“The United Kingdom’s decision to leave the European Union could have significant ramifications for domestic digital marketers doing business internationally, particularly those in the USA. Every day, digital marketers come in contact with mountains of personal data. These can include customer email addresses, browsing habits, age, gender, geographic location and any other data Google, Facebook and other go-betweens allow marketers to collect.
Negotiations surrounding data transfer have gotten only more complex since June 2016, when the U.K. voted to leave the EU. Brexit has raised a number of questions that have yet to be answered. Among them:
- Will the Privacy Shield agreement need to be renegotiated?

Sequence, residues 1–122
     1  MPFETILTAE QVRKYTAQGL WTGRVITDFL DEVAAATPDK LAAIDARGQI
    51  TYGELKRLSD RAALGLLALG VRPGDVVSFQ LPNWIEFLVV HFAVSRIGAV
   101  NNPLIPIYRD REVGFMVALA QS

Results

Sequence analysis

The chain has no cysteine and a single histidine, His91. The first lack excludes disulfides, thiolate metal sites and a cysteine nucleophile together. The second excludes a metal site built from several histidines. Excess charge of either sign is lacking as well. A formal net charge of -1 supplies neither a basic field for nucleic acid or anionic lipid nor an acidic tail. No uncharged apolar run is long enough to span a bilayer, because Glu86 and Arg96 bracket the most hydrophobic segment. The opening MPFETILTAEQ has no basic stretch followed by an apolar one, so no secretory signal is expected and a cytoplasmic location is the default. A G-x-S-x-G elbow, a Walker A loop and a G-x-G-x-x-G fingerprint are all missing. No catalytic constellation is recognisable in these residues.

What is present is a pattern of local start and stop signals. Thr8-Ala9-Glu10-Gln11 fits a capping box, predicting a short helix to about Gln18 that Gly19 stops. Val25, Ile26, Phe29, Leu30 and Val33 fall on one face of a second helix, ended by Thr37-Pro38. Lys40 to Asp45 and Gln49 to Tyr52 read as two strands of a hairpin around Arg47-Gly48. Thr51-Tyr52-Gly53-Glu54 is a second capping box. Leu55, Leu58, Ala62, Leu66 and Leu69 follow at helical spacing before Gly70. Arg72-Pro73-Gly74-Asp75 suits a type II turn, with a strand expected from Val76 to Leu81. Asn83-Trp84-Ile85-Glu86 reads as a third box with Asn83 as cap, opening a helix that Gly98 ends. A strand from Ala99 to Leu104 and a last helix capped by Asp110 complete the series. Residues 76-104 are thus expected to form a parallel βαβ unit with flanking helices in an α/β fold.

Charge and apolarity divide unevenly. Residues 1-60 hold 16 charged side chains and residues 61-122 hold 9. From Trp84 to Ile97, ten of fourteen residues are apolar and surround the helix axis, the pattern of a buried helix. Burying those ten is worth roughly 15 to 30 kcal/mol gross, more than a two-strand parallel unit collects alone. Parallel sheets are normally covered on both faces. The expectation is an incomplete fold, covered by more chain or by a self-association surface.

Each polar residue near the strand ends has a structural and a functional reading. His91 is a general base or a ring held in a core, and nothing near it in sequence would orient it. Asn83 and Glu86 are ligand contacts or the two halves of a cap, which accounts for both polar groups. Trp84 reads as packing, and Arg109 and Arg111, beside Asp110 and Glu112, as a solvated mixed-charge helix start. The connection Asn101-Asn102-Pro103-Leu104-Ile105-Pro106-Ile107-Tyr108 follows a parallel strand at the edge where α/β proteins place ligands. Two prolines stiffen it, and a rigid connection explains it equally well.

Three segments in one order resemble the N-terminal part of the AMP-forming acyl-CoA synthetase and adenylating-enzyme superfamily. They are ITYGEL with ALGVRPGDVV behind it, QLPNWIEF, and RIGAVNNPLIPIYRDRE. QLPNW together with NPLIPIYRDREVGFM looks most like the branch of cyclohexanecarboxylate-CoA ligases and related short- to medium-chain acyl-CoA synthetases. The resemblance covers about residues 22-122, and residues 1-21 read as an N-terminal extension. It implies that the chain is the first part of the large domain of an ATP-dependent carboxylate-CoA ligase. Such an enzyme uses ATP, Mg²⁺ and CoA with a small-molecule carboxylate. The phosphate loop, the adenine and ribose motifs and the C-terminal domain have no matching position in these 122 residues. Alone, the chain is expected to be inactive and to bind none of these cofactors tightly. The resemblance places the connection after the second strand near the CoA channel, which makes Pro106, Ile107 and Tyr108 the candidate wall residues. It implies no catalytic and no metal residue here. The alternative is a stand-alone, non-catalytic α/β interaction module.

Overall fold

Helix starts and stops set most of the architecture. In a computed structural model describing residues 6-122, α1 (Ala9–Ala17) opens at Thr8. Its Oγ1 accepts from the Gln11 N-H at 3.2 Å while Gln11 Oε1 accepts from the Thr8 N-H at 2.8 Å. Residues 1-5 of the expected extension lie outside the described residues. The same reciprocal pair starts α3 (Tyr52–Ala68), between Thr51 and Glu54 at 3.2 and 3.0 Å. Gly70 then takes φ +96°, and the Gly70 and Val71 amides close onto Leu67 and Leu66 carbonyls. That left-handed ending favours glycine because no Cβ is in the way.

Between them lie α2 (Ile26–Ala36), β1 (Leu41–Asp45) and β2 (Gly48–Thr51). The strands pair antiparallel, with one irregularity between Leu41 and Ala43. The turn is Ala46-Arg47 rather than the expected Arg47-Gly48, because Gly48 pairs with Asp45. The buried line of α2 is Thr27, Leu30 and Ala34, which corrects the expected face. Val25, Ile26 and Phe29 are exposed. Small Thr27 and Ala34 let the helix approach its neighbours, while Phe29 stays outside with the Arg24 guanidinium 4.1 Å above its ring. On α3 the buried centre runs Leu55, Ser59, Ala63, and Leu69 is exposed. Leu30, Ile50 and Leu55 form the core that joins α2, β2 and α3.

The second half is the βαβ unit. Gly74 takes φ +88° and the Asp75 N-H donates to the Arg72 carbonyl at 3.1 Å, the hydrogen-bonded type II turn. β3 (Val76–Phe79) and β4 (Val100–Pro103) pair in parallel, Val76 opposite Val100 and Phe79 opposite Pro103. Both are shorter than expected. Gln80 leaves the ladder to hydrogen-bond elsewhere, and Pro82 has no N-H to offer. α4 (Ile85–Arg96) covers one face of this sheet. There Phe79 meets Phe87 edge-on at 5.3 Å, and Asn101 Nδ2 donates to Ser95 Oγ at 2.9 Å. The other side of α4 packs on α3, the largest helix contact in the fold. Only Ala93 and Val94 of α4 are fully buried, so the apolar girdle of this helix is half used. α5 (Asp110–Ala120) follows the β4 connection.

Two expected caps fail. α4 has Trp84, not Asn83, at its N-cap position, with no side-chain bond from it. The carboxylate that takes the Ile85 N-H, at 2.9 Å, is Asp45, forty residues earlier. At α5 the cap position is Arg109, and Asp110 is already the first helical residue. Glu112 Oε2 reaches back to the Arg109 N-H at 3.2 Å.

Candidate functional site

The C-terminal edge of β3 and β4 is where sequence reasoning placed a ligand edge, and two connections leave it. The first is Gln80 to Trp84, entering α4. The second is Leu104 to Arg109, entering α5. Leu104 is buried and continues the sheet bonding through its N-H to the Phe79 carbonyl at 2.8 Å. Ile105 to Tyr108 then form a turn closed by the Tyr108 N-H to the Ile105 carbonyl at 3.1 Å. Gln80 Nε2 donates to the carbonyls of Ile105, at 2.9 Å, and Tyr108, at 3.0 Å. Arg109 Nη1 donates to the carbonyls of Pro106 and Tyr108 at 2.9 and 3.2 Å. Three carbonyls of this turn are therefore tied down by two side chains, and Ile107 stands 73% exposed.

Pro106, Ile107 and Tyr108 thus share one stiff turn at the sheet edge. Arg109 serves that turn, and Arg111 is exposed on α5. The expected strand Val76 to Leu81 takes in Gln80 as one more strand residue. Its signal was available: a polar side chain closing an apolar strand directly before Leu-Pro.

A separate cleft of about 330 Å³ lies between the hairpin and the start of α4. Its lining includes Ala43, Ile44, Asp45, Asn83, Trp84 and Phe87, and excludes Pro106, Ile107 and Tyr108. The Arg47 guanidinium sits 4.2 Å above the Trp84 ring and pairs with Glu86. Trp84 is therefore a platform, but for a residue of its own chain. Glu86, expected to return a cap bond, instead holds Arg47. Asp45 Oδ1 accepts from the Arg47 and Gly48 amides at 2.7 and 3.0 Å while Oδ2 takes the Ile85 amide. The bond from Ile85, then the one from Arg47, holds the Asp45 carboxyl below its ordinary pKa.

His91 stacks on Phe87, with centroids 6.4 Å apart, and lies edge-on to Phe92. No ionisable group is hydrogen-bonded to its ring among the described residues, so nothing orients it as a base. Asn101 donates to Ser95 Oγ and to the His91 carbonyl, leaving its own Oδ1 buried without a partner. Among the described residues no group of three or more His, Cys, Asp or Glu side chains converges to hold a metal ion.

- Will the EU need to negotiate a new agreement with the U.K. similar to the one in place with the U.S.? If so, when would that happen?
- Is there a chance the U.K. might find itself flagged by the EU as a jurisdiction with inadequate privacy laws?
- Will data transfers between the U.K. and the U.S. have to undergo scrutiny from the EU because personal data from citizens of EU member states might be included?
- Will Privacy Shield be put on hold while the EU and the U.K. negotiate the withdrawal? If so, what framework will govern transatlantic data transfers in the meantime?” – Mike Canarelli, Web Talent Marketing, July 26th 2016
Mike’s great article highlights that the shock waves of Snowden’s revelations back in 2013 are still being felt internationally. The rejection of Safe Harbor and the publication of the GDPR are part of this and indicate that big changes are coming for data users on both a national and international level.
Mike emphasises the huge uncertainty companies are facing thanks to the combined upheavals of both Brexit and heightened data protection regulations and how these companies can avoid falling foul in the upcoming months. It makes for an interesting read to say the least…